Innovation: Lured or Lost?

C S Lewis worshipped in the Church of England. He observed the services to be noisy and disruptive, noting he particularly disliked the hymns. He described his ideal worshipping environment as “good men [sic] praying alone”. Though a product of experience gained in a different tradition, Lewis’ liturgical observations nevertheless have a broad resonance. 

Lewis protests the idea that people can be “lured” to go to church by what he describes as “incessant brightenings, lightenings, lengthenings, abridgements, simplifications and complications of the service”, observing “it is probably true that a new, keen vicar will usually be able to form within his parish a minority who are in favour of his innovations. The majority, I believe, never are. Those who remain – many give up churchgoing altogether – merely endure.”

For Lewis “Novelty, simply as such, can have only an entertainment value. And they don’t go to church to be entertained. They go to use the service, or, if you prefer, to enact it. Every service is a structure of acts and words through which we receive a sacrament, or repent, or supplicate, or adore… The perfect church service would be one we were almost unaware of; our attention would have been on God.”

He continues: ‘but every novelty prevents this. It fixes our attention on the service itself; and thinking about worship is a different thing from worshipping. … A still worse thing may happen. Novelty may fix our attention not even on the service but on the celebrant. You know what I mean. Try as one may to exclude it, the question, ‘What on earth is he up to now?’ will intrude. It lays one’s devotion waste. … Thus my whole liturgiological position really boils down to an entreaty for permanence and uniformity.”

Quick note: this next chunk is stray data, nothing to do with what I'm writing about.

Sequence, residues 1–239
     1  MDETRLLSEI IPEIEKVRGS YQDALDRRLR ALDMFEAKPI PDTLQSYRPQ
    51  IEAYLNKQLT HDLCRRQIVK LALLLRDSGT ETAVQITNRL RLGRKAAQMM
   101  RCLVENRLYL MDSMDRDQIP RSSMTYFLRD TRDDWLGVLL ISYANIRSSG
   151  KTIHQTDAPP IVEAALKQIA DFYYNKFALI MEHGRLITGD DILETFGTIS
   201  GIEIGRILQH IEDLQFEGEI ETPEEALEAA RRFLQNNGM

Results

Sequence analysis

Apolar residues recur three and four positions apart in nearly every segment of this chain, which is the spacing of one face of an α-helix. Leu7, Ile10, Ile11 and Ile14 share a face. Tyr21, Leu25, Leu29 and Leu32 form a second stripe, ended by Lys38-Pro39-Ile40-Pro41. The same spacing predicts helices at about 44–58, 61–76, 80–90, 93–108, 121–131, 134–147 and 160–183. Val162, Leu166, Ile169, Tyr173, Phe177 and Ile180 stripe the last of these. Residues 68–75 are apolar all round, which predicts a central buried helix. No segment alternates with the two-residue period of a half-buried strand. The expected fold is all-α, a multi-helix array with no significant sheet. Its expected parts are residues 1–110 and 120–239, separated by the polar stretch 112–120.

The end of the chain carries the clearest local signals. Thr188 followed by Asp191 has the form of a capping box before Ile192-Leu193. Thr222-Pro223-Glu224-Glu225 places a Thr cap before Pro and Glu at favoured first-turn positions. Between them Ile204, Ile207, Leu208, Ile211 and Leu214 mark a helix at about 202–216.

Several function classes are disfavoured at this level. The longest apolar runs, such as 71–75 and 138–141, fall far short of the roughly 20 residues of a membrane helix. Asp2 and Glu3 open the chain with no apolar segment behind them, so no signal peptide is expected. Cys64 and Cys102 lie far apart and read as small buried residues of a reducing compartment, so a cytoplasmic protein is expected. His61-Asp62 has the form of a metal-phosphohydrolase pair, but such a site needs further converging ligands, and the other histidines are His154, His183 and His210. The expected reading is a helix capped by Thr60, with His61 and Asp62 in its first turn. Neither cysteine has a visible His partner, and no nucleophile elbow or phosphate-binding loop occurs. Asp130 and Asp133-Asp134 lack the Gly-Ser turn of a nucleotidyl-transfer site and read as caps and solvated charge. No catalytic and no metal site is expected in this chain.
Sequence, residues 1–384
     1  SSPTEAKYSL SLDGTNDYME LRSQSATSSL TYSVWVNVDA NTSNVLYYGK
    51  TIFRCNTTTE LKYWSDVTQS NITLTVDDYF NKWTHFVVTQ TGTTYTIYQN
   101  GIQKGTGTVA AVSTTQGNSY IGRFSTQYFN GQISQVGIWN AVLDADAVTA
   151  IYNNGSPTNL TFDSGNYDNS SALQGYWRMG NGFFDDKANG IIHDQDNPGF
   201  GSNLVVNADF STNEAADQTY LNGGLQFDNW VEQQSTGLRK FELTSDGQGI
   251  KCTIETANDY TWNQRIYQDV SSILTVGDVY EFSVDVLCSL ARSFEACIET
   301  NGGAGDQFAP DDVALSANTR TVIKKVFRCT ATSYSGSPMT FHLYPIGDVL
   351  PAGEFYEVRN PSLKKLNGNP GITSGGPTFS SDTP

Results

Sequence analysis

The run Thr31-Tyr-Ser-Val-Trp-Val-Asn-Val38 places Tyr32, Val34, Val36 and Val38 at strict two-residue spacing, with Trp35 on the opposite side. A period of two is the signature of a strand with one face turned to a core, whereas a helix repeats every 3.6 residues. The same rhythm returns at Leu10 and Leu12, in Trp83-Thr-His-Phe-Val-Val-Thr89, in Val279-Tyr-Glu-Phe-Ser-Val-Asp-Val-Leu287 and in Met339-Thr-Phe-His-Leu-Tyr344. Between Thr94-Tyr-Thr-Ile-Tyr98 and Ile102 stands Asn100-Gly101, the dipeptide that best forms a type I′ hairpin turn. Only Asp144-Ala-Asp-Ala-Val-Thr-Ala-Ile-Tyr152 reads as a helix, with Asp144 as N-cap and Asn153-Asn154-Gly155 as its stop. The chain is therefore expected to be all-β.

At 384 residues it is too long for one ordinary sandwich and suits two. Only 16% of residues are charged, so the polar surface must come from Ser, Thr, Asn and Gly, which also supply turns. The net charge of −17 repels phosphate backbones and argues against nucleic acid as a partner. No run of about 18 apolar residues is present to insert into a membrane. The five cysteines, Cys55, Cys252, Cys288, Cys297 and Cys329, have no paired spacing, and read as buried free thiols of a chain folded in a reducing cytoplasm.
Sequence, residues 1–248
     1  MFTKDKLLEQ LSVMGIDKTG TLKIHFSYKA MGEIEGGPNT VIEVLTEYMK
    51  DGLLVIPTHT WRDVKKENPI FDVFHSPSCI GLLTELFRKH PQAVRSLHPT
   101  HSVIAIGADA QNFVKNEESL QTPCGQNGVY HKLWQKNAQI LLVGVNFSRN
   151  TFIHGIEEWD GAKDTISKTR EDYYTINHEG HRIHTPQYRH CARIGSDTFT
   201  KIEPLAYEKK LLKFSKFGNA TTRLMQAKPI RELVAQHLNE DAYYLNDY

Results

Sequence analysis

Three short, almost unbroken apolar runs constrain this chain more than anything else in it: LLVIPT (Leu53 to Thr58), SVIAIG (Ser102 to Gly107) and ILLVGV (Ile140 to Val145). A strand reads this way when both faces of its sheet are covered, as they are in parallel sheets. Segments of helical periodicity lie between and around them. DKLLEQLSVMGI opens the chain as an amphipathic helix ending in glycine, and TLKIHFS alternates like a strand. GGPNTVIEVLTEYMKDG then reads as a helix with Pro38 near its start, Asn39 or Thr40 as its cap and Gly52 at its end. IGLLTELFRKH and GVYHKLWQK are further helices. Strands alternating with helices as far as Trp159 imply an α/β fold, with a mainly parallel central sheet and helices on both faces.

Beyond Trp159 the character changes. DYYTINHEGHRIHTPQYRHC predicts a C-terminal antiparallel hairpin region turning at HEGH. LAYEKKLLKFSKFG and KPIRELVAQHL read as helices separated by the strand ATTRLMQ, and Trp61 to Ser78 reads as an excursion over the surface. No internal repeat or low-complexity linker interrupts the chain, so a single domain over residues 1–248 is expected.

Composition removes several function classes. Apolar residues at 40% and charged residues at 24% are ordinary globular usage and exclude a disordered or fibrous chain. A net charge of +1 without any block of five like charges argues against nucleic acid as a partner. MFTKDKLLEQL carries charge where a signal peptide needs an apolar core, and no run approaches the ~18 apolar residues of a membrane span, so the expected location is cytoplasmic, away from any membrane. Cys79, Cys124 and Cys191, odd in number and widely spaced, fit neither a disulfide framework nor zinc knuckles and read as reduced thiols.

Experience tells me that the sad truth is that in seeking to make liturgy ‘relevant’ to those who do not come, we may well have marginalised those who do, or at least did. In seeking to make Catholic worship more personal for those who do come, we may well have deprived it of its characteristically attractive lure – noble simplicity.

And I wonder, if the Church’s liturgy means so little to some Catholics, is the remedy to further manipulate the liturgical aesthetic, or to provide greater opportunities outside of the Church’s worship for the kind of conversion to the person of Jesus Christ which provides one a lasting lure?

By Michael McKenna, immediate past Director of the Office of Liturgy

Tags: Liturgy